“How may I know that I am a Christian?” This question ought to be a matter of utmost importance for us, for the answer to that question will determine our eternal destiny. Therefore, to assume that we are Christians because we have been born and raised in the church, have been baptized, and have made a public profession of faith could have tragic results.
Regretfully, such an assumption is far too common. Christ alerts us to this in the conclusion of his famous Sermon on the Mount when he distinguishes between the broad and narrow way, between fruitful and fruitless trees, and between wise and foolish builders (Matt. 7:13–27). His most serious assessment, however, is expressed in these words: “Not every one that saith unto me, Lord, Lord, shall enter into the kingdom of heaven; but he that doeth the will of my Father which is in heaven. Many will say to me in that day, Lord, Lord, have we not prophesied in thy name? and in thy name have cast out devils? and in thy name done many wonderful works? And then will I profess unto them, I never knew you: depart from me, ye that work iniquity” (Matt. 7:21–23, King James Version).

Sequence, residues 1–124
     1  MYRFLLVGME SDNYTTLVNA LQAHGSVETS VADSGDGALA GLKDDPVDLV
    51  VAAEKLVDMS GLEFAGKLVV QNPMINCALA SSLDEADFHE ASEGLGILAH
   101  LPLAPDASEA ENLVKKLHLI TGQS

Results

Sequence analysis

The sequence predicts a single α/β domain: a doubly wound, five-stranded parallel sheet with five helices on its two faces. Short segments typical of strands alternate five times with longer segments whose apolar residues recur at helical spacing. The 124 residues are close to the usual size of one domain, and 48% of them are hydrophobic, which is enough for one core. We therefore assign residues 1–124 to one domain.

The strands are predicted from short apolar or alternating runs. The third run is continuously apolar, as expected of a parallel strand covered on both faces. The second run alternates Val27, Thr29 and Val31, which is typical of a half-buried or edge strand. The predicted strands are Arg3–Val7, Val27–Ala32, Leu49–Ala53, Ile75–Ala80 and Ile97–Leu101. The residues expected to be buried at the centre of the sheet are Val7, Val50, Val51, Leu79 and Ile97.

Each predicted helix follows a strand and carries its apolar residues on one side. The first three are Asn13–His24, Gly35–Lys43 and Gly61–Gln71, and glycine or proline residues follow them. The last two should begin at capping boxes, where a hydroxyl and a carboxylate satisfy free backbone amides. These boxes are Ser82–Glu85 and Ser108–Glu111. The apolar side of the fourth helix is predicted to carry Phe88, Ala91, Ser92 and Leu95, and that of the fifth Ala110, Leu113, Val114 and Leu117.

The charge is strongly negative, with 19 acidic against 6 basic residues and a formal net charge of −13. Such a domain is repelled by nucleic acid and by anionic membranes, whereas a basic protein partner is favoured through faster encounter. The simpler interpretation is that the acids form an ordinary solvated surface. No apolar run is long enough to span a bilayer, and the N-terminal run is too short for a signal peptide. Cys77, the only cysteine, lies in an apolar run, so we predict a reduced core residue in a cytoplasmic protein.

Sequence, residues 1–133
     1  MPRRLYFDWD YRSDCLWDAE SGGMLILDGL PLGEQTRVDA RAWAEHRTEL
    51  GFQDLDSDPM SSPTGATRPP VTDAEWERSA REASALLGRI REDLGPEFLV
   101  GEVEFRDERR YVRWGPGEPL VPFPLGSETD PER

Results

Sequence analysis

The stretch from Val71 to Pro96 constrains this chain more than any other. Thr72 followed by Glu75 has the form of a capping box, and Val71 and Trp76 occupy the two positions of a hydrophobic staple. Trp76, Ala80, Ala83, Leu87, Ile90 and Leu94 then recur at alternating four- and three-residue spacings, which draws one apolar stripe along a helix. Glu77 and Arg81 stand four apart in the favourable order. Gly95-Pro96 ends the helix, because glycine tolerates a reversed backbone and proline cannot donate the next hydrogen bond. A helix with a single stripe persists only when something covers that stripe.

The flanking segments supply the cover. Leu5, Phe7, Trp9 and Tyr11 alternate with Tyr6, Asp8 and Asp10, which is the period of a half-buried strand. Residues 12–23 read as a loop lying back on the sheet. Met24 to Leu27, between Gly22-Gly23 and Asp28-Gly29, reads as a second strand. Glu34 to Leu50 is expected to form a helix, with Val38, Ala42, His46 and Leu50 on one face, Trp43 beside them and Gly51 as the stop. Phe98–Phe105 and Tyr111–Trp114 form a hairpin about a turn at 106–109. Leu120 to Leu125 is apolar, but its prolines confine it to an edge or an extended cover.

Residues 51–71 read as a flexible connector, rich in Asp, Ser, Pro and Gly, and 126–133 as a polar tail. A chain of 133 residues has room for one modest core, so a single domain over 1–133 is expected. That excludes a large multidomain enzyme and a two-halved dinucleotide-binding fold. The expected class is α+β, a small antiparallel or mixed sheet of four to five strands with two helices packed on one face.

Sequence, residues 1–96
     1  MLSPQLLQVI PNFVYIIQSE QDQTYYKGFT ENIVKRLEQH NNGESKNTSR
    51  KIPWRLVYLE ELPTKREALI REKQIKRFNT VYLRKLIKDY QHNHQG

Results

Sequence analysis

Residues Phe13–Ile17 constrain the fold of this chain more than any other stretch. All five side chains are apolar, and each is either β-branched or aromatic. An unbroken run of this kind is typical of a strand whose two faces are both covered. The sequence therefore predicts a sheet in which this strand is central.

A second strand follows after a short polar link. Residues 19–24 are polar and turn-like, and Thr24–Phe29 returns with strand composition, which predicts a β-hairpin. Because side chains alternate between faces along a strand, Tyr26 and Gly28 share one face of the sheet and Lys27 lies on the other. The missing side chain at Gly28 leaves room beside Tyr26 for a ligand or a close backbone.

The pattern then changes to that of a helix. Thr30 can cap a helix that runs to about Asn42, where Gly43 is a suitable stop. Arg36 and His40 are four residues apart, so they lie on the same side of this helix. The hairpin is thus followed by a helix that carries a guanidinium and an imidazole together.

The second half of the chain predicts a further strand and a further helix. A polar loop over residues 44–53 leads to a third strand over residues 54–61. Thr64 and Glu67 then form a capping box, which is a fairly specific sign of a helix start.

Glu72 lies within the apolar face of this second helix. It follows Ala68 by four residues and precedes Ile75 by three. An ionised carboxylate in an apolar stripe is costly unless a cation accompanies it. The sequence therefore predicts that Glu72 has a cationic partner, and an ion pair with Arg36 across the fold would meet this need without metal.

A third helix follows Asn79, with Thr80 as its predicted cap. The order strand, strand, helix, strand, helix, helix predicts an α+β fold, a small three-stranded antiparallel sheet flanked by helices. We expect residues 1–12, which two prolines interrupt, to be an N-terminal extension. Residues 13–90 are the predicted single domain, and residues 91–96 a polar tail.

How sobering that there will be many on the last day who will have professed the name of Christ and have been actively engaged in various church activities, and who will yet hear out of his mouth, “I never knew you: depart from me, ye that work iniquity.” It is even more sobering that these words were uttered by the One who will be the judge and who knew with precision what will transpire on the last day.